Felons and Tax Cheats Beware: Regulators Want To Stop You From Winning Federal Government Contracts
A new final rule targeting tax cheats and convicted felons who try to bid on federal government contracts was published on September 30, 2016. The rule is effective immediately and makes permanent an interim rule published back in December 2015 which has already been in effect since February 26, 2016. The final rule adopts the interim rule in its entirety without any changes; only three public comments had been submitted in response to the interim rule, two of which were in support.
The purpose of the rule, as noted in the summary published in the Federal Register, is “to prohibit the Federal Government from entering into a contract with any corporation having a delinquent Federal tax liability or a felony conviction under any Federal law, unless the agency has considered suspension or debarment of the corporation and has made a determination that this further action is not necessary to protect the interests of the Government.” The rule is intended to implement provisions of the Consolidated and Further Continuing Appropriations Act of 2015.
Here’s how it works: Any bidder responding to a federal agency solicitation must disclose whether it is a corporation with a delinquent tax liability or a felony conviction under federal law. If the answer is yes, “the contracting officer is required to request additional information from the offeror and notify the agency official responsible for initiating debarment or suspension action.
Significantly, the rule only applies to the bidding corporations themselves. It generally excludes the separate felony records or tax delinquencies of individual shareholders or parent companies of those corporations, unless there is cause to pierce the corporate veil. (But note that a separate new rule that we have blogged about also requires bidders to disclose labor law violations, which include many non-felonies.) Depending on the specific transactional arrangement, a joint venture is subject to this rule if it is considered a corporation, “i.e., the legal form of the joint venture teaming arrangement will determine whether the joint venture prime contractor(s) is(are) subject to the rule.” It appears that a bidding entity that is not a corporation, such as an LLP or other partnership, may be exempt from this rule altogether, which may have important implications for potential contractors considering how to structure their entity if they have any felony record or tax delinquencies.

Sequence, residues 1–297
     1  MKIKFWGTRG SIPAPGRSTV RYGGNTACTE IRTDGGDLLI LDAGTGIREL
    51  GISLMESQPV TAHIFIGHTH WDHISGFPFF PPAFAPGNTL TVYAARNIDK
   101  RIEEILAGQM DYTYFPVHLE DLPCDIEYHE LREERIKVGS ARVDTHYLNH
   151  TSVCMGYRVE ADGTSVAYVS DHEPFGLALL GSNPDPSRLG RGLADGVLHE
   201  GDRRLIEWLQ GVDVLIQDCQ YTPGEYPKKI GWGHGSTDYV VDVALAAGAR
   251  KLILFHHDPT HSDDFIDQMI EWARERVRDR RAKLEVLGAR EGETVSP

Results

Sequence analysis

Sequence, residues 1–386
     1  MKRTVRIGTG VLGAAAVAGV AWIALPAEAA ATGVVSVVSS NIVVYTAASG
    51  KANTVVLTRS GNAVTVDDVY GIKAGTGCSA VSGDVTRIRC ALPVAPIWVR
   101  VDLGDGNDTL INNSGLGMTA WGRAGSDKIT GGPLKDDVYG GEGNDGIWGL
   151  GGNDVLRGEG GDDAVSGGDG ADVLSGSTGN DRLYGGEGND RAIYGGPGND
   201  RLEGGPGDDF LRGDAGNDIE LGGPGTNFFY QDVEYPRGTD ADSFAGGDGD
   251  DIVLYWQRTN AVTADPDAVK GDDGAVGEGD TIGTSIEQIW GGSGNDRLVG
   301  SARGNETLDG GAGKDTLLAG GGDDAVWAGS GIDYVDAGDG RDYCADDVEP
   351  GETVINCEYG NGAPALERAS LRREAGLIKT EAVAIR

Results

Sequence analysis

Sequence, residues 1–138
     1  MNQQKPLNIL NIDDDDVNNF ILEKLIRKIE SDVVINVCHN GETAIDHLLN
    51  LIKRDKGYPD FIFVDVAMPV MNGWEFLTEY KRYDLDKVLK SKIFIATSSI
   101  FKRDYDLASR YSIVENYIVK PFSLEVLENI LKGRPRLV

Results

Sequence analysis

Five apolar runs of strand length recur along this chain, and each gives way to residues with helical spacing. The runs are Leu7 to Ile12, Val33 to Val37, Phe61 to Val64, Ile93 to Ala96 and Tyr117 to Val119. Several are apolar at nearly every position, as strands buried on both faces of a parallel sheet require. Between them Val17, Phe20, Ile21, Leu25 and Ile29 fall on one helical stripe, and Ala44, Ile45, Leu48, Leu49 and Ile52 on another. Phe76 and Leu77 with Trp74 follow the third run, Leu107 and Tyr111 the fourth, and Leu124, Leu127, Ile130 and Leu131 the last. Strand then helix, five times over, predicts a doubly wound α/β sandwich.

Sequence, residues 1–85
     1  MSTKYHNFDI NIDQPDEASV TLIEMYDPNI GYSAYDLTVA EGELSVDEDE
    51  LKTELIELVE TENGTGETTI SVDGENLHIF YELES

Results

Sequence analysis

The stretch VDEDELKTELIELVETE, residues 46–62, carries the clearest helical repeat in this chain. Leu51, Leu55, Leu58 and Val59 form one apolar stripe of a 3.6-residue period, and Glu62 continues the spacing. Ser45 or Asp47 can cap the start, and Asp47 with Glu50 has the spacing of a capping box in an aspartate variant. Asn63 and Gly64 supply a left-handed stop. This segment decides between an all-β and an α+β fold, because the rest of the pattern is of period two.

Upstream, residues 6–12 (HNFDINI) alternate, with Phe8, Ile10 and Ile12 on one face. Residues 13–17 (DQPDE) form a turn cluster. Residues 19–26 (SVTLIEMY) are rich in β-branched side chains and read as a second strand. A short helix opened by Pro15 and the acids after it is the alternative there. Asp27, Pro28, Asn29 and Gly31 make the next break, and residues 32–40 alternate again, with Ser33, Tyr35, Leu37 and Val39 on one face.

Because the interim rule has already been in effect for the last seven months, contractors have already been subject to its terms and should already be familiar with it. This final rule merely makes the interim rule permanent without any changes. However, the final rule does contain some additional explanatory language to clarify the scope of the rule.
Some federal agencies may have already had their own individual rules prohibiting awards to bidders with felony records or tax debts, but the new rule is government-wide. While noting some overlap with existing laws that penalize tax delinquencies and felony convictions, the acquisition rule-drafting Councils concluded that the new rule, proposed by DOD, GSA, and NASA as the joint agencies responsible for amending FAR, is “not identical to existing laws and regulations, and must be implemented in order to avoid misuse of appropriated funds.”
The final rule clarifies the different ways in which appeal processes affect, or do not affect, contractor obligations. Unpaid federal tax liabilities need not be disclosed until a contractor has fully exhausted all judicial and administrative remedies. By contrast, any felony conviction under federal law within the preceding 24 months must be disclosed, regardless of whether an appeal is pending.
Additionally, the final rule notes that the debarment review provision is not subject to the timelines of the normal suspension and debarment process set forth in FAR Subpart 9.4. In other words, the consideration and determination by an agency as to the necessity of suspension or disbarment of a corporation in light of a felony or tax liability pursuant to the new rule is not limited to a specific timeline. Moreover, if an applicable felony conviction or tax delinquency exists, the prohibition on awarding a contract is presumptive; not until after “the suspending or debarring official makes a positive determination that suspension or debarment is not necessary to protect the interests of the Government” can an agency proceed with an award to that corporation. This begs the question: if the agency sits on its review of a bidder’s felony or tax record for long enough, will that bidder be excluded by default, even if it the agency eventually concludes that exclusion of this bidder wasn’t necessary after issuing the award to another offeror?
Unlike other rules governing federal contractors, this rule contains no minimum thresholds for applicability when it comes to the size of the tax delinquency. Nor does it contain any exemptions based on contract type (e.g., services, supplies, commercial products, etc.) or acquisition threshold amount. For every size and type of federal agency contract, even a tax delinquency of one dollar will need to be disclosed as long as the offeror is a corporation and the delinquency involves federal taxes. However, the rule does not apply to state or local government tax delinquencies or to state or local felony convictions – only to federal ones.